Mauritius: Financial Regulator Issues Security Token Offering Guideline

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The Mauritius Financial Services Commission (FSC) has released guidelines for regulated security token offerings (STO) in the country. The news forms another milestone for the island-state in its drive towards expanding its emerging digital economy.

Mauritius Supports Regulated Token Fundraising

According to a communique issued by the FSC, Mauritius’ financial regulator says its is supportive of fintech-based innovations in the country, including tokenized fundraising. As part of its positive stance on emerging technology, the FSC announced the creation of guidelines for STO under the provisions of the country’s Financial Services Act of 2007.

The new guideline introduced by the FSC provides a framework for both STO and the trading of tokenized securities with detailed compliance requirements for all participants. As part of the new laws, the FSC will be responsible for licensing platforms offering security token trading.

According to the guidelines, trading platforms offering STO pairs must hold a minimum capital of 35M Mauritian rupees (~$878,000). This minimum capital requirement must also be held in fiat currency.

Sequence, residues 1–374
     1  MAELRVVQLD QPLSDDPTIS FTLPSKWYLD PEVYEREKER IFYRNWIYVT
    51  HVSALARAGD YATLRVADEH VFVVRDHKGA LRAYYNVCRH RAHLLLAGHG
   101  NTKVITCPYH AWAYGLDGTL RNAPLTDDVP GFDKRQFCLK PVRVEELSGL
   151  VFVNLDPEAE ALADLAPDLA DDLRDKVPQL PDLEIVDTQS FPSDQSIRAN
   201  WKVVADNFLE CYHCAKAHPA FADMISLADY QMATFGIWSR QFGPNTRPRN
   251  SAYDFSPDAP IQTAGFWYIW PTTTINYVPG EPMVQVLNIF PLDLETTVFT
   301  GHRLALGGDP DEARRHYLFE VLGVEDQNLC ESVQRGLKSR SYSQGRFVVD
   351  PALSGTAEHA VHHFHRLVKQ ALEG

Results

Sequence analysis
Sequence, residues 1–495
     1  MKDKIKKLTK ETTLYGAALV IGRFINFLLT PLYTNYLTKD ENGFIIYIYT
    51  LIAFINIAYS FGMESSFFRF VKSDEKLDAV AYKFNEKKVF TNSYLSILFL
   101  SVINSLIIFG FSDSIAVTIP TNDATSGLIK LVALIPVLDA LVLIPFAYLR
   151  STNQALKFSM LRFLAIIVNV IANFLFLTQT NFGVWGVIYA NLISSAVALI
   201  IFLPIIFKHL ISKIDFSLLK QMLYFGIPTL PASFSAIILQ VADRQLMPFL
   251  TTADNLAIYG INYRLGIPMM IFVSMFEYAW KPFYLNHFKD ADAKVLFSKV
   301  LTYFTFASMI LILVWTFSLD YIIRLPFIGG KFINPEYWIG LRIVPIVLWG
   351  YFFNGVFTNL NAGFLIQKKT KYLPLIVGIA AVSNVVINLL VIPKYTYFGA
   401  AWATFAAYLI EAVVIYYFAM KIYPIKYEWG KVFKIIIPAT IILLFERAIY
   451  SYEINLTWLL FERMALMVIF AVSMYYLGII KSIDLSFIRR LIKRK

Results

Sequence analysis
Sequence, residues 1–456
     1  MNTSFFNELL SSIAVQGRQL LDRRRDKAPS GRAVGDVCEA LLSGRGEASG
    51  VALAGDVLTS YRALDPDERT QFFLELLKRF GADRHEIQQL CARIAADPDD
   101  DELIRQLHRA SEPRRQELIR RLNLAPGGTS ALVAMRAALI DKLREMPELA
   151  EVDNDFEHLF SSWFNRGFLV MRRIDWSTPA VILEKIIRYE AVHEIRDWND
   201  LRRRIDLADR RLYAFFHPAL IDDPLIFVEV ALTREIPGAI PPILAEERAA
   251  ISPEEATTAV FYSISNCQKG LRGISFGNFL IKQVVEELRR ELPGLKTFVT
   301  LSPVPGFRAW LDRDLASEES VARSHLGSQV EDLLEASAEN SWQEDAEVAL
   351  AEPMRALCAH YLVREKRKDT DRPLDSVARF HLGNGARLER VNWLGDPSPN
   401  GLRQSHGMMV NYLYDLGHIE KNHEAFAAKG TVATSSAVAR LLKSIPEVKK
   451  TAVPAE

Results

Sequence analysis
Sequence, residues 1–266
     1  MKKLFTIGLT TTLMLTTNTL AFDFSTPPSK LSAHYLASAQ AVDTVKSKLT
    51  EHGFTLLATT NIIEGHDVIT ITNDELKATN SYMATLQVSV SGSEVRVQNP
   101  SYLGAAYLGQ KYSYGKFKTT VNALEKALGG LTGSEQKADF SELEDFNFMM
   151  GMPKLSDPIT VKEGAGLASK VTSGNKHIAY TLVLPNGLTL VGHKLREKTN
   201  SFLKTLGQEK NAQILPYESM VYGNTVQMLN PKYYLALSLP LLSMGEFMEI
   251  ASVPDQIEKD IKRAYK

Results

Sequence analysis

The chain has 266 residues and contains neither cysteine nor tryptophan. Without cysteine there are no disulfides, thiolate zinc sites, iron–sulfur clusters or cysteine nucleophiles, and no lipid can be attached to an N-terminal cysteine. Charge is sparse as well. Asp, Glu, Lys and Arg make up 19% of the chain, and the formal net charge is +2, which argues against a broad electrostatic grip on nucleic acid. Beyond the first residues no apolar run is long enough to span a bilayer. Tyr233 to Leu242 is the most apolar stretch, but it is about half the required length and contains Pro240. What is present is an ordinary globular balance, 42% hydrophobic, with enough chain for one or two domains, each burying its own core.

At the heart of the FSC’s move towards strict policing of tokenized fundraising in the country is the need for robust compliance with know your customer (KYC) and anti-money laundering (AML) provisions. Mauritius’ financial regulators also want to provide adequate protection for STO investors in the country. As part of these protective measures, the FSC says STO trading platforms must have adequate insurance coverage.

Commenting on the development, FSC chief Dhanesswurnath Thakoor, remarked:

“As part of our core strategy, the FSC is aiming at positioning Mauritius as a regional hub of sound repute in the field of Fintech. The publication of a Guidance Note on Security Tokens Offering (STO) and Security Tokens Trading Systems is another stepping stone in building an open and transparent regulatory regime for Fintech in Mauritius. We already have a growing interest for these specific licences and are expecting to receive several applications in the upcoming months.”

Regulators Policing ICO Space

By creating guidelines for STO, Mauritius appears to be strengthening its crypto and blockchain adoption drive. Back in May, the country announced plans to launch a central bank digital currency (CBDC).

With regulators in various jurisdictions enacting tougher laws prohibiting initial coin offerings (ICO), regulated token fundraising like STOs and equity funding are becoming the preferred means for crypto and blockchain entrepreneurs.

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